Martin Koerner of Marion Station, Md., thought he’d arrowed a good-size 9-pointer. A good-size buck 9-pointer. He was wrong.
Sort of. It was Oct. 19, and Koerner was bowhunting in an area he had recently seen a lot of deer activity in. That evening, more than an hour before sunset, there were already 10 does and two basket-racked bucks out and about. With time to spare, who knew what might step from the lengthening shadows and make its way past Koerner’s Ameristep Doghouse ground blind?
That’s when he saw it — a deer with tall antlers coming his way. It wasn’t the widest or the heaviest rack, but there was no question as to whether or not this deer was worth a tag.
“As soon as I saw this deer coming in, I had determined he was a ‘shooter,’ ” Koerner said. He drew his Bear Attitude and prepared for a 20-yard shot.
Koerner’s Gold Tip Hunter XT 400 arrow and 100-grain Slick Trick Magnum broadhead hit a touch forward, so he decided to head home for a few hours and give the deer time to expire. Koerner called his brother and a few friends, and the group set out later that night to take up the trail.
There wasn’t much to go on. The men found a four-inch section of Koerner’s arrow, including the nock, that had been snapped off as the deer ran, but there was virtually no blood or sign to guide them. Koerner began doing a grid search of the area where the deer had last been seen. An hour later and 50 yards away, he spotted the deer laying in a heap. The arrow had hit it in the shoulder, which led to the practically nonexistent blood trail.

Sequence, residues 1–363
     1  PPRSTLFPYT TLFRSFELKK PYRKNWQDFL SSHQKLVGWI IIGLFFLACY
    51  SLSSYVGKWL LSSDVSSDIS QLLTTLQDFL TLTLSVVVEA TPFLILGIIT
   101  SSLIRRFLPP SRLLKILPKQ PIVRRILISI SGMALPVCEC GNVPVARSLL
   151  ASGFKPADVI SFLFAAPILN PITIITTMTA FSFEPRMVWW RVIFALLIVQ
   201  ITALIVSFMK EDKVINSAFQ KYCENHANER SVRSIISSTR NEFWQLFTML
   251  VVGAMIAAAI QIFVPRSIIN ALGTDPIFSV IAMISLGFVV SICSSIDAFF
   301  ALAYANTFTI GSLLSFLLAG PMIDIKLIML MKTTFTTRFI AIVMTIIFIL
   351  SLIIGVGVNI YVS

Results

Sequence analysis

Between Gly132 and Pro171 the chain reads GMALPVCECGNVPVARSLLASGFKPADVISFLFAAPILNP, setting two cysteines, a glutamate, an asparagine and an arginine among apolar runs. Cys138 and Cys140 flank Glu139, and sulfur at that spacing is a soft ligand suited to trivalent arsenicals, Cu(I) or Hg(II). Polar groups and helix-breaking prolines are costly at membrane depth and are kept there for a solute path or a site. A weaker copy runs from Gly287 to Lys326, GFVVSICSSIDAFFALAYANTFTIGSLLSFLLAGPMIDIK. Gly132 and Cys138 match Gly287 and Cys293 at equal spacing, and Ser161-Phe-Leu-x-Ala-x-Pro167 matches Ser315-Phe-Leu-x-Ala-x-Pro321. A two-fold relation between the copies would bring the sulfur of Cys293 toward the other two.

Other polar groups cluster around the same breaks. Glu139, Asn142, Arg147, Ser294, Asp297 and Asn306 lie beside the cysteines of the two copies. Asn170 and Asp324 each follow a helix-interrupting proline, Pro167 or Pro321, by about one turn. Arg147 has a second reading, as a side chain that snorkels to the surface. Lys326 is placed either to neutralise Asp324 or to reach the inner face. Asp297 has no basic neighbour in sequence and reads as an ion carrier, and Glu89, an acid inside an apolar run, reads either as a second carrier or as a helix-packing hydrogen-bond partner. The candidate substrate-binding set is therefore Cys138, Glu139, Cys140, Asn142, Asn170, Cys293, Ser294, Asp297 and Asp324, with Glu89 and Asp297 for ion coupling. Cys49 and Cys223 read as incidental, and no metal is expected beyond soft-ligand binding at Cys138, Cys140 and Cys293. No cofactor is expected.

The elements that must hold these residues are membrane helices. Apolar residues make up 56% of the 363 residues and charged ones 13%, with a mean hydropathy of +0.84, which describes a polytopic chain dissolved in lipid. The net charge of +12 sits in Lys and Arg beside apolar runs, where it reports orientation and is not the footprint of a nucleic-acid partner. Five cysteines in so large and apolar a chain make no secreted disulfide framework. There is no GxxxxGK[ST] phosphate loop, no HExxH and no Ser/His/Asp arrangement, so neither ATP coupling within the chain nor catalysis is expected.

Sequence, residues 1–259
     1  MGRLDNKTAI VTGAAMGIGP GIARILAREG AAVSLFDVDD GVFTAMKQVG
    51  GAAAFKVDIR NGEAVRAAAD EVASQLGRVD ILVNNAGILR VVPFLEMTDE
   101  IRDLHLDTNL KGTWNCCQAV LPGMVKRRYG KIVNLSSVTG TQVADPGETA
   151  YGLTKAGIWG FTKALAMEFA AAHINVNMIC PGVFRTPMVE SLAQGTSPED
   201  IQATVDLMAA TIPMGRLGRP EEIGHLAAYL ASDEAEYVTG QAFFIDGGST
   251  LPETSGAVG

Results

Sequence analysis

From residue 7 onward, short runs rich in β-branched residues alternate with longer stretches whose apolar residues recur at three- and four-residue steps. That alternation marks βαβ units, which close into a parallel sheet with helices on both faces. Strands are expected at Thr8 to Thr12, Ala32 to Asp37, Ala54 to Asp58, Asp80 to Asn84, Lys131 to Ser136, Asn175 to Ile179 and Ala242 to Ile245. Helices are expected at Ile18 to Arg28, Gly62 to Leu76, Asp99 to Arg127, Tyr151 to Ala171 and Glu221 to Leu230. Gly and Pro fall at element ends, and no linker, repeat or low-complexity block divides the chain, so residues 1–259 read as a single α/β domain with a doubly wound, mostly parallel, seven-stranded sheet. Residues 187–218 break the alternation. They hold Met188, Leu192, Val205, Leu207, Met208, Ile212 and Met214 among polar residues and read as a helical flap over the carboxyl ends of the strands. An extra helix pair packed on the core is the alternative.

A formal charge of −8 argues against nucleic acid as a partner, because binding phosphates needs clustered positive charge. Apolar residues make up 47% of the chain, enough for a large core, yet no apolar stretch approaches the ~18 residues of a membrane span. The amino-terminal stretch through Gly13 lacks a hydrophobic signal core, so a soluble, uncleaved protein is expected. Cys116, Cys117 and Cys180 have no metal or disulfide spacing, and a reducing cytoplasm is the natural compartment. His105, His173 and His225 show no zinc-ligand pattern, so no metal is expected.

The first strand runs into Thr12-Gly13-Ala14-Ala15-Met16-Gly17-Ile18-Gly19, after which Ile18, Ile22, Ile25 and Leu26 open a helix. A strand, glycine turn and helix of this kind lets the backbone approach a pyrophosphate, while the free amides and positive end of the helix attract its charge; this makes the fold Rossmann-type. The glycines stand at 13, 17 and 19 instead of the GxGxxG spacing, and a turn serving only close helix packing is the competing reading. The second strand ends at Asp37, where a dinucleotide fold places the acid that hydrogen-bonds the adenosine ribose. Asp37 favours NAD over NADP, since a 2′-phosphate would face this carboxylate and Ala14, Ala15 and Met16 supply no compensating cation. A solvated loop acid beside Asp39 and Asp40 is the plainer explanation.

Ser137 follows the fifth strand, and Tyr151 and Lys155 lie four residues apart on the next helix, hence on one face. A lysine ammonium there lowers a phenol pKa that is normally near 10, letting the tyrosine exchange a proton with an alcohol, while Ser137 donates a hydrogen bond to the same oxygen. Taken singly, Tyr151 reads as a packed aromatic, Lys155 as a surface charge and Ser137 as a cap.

Koerner called his friends and brother over, and the celebration began. It took the men a while to recognize something was a little … different about this deer, though.
“I called my brother and buddies over, and as we were admiring it, we noticed that it was, in fact, a doe,” Koerner said. “We all stood there dumbfounded and in complete shock and disbelief. None of us had ever seen or heard of a doe growing antlers to this size.”
Koerner reported the doe as an antlered-deer harvest, then took it to a taxidermy shop the next day. He plans to have a shoulder mount done, complete with an aggressive posture to highlight the doe’s snout and long eyelashes. While it won’t be the biggest deer he’s ever put on his wall — the doe is expected to score 130-135 inches — Koerner said it is “certainly the most unique and most prized mount that I will have.”